little brier-rose, the eldest lady and greek accents


I was going to write about Joseph Campbell’s insights about the scene in Little Brier-Rose where everyone, not just her, falls asleep.


“She had no sooner touched the spindle when the magic curse was fulfilled, and she pricked herself in the finger. The instant that she felt the prick she fell onto a bed that was standing there, and she lay there in a deep sleep. And this sleep spread throughout the entire castle. The king and queen, who had just returned home, walked into the hall and began falling asleep, and all of their attendants as well. The horses fell asleep in their stalls, the dogs in the courtyard, the pigeons on the roof, the flies on the walls, and even the fire on the hearth flickered, stopped moving, and fell asleep. The roast stopped sizzling. The cook, who was about to pull kitchen boy’s hair for having done something wrong, let him loose and fell asleep. The wind stopped blowing, and outside the castle not a leaf was stirring in the trees.

Round about the castle a thorn hedge began to grow, and every year it became higher, until it finally surrounded and covered the entire castle. Finally nothing at all could be seen of it, not even the flag on the roof.”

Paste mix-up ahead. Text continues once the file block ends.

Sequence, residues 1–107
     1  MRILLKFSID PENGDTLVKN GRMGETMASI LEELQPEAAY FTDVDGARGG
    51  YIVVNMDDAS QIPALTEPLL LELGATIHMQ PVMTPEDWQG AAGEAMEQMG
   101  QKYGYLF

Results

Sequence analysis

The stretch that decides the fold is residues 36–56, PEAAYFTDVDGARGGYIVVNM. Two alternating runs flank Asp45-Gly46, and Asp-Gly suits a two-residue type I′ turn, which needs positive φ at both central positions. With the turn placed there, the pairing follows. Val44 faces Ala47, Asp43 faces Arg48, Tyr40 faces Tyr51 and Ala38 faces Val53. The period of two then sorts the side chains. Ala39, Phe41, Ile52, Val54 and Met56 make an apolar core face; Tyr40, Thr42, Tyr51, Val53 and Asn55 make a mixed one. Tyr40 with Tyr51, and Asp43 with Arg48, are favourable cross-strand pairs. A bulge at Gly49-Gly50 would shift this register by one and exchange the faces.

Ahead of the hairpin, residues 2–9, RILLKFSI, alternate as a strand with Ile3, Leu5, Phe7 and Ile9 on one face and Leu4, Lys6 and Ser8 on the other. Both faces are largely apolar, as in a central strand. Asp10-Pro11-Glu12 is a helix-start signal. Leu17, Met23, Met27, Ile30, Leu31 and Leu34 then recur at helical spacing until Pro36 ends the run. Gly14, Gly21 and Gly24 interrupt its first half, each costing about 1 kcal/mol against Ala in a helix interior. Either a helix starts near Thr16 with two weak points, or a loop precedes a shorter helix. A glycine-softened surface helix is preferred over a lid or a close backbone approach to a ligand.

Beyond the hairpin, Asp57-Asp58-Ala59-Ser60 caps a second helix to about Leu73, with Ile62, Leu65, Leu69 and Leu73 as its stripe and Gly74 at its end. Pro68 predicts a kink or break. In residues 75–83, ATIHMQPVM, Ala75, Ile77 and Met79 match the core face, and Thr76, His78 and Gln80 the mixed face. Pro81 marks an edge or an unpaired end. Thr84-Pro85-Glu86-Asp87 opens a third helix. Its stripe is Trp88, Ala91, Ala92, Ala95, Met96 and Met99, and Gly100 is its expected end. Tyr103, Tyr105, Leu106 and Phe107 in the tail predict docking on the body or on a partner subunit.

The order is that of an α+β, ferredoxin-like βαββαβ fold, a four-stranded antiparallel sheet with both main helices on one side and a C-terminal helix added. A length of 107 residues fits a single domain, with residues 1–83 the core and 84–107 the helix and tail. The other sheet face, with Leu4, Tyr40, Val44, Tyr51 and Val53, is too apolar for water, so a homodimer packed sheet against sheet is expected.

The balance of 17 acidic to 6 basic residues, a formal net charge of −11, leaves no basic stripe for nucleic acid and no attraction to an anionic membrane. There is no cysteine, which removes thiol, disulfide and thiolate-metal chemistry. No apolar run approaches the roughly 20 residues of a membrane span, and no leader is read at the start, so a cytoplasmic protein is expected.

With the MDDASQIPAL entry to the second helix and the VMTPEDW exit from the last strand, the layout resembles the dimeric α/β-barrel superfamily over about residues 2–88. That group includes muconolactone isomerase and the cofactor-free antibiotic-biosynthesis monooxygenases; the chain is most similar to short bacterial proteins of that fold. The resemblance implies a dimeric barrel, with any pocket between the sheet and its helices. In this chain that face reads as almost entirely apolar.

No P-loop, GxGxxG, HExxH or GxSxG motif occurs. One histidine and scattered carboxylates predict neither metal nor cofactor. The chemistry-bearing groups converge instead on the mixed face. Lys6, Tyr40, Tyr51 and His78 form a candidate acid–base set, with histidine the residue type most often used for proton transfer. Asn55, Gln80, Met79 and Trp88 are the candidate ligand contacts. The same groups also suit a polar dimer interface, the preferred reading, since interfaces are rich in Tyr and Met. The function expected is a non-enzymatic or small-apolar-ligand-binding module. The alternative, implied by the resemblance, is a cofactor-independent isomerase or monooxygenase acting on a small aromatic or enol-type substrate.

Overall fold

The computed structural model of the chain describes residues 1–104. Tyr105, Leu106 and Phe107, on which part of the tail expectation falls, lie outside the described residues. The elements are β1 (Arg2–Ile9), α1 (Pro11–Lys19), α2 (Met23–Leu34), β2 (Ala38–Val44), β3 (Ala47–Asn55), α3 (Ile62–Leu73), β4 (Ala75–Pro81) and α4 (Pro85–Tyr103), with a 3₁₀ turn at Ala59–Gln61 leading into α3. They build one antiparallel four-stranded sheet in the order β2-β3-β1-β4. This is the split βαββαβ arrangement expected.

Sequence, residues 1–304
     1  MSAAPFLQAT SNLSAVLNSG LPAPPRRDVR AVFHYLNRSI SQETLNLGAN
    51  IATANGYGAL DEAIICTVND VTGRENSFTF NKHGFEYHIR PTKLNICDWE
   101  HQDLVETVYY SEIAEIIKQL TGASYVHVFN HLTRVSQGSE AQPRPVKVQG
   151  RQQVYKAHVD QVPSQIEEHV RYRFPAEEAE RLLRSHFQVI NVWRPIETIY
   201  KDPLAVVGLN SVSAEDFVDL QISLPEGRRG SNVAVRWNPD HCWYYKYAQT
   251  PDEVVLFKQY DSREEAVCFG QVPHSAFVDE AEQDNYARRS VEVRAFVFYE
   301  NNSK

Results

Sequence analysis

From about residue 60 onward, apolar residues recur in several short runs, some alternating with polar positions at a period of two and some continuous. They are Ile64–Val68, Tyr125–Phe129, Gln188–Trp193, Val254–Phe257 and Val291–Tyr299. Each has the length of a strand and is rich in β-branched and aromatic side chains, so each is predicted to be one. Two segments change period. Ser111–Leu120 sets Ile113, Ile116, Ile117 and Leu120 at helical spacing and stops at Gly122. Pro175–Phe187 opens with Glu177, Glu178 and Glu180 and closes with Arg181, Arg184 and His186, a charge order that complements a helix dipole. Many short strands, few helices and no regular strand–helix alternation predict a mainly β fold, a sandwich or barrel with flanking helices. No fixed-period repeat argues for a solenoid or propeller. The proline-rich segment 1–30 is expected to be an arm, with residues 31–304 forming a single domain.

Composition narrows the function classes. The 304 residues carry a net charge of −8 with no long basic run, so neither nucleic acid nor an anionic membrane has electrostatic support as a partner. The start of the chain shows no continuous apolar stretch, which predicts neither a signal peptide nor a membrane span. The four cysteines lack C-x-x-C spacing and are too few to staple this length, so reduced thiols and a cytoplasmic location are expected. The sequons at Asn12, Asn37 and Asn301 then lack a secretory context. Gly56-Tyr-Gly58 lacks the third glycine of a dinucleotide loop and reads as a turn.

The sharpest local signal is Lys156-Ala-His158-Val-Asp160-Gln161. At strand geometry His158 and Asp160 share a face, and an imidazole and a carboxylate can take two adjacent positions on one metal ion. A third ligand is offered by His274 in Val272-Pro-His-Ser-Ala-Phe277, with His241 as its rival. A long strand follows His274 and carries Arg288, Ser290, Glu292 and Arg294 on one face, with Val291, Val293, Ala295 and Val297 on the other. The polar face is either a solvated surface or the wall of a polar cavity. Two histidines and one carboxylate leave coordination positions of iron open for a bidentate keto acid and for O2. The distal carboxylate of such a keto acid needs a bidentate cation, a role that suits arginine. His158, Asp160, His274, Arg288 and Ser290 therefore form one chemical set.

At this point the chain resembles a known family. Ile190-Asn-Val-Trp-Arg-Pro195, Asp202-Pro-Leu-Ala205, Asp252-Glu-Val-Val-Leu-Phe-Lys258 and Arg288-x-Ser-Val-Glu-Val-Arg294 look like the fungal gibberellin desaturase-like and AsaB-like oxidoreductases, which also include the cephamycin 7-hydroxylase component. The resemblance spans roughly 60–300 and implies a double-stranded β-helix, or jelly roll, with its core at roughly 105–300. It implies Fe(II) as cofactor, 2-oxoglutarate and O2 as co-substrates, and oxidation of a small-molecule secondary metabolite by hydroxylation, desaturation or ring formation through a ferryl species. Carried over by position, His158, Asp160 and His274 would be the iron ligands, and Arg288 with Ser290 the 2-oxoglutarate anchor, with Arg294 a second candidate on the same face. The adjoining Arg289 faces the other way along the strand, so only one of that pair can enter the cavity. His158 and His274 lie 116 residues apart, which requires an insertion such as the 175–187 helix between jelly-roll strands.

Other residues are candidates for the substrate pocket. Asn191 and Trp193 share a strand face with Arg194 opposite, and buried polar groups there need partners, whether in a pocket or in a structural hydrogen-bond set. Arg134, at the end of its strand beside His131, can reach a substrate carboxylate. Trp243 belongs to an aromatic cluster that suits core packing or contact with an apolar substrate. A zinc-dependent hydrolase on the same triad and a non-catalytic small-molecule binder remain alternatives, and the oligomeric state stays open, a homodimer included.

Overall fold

It was this scene that he connected to a scene in the Eldest Lady’s Tale in the “One Thousand and One Nights,” where travelers stumble onto a island where everyone has suddenly turned to stone.

“So we landed, and going up into the city, saw at the gate men hending staves in hand, but when we drew near them, behold, they had been translated by the anger of Allah and had become stones. Then we entered the city and found all who therein woned into black stones enstoned. Not an inhabited house appeared to the espier, nor was there a blower of fire. We were awe-struck at the sight, and threaded the market streets, where we found the goods and gold and silver left lying in their places, and we were glad and said, “Doubtless there is some mystery in all this.”

However, I’m not sure I completely understand his insight, so I’ll just keep thinking about it.

This book came in at my request at the library yesterday. The topic is not as arcane as it might seem. Plus books written in the lasts decade or so have a tendency to be very readable and clear, more so than those written in the last two centuries. Probiert the author provides some witty ammunition to people who are interested in learning his subject.

He begins, “I do not think that intellectual pursuits should require justification; but for those who are embarking on the learning of the Greek accents and need to explain to their friends what has gotten into them, here are some excuses:”

He then lists off six bullet points including if one intends to “pursue ancient Greek papyrology, or palaeography, or textual criticism.”

Sheesh. I’m just a bit curious about how this works, that’s all.

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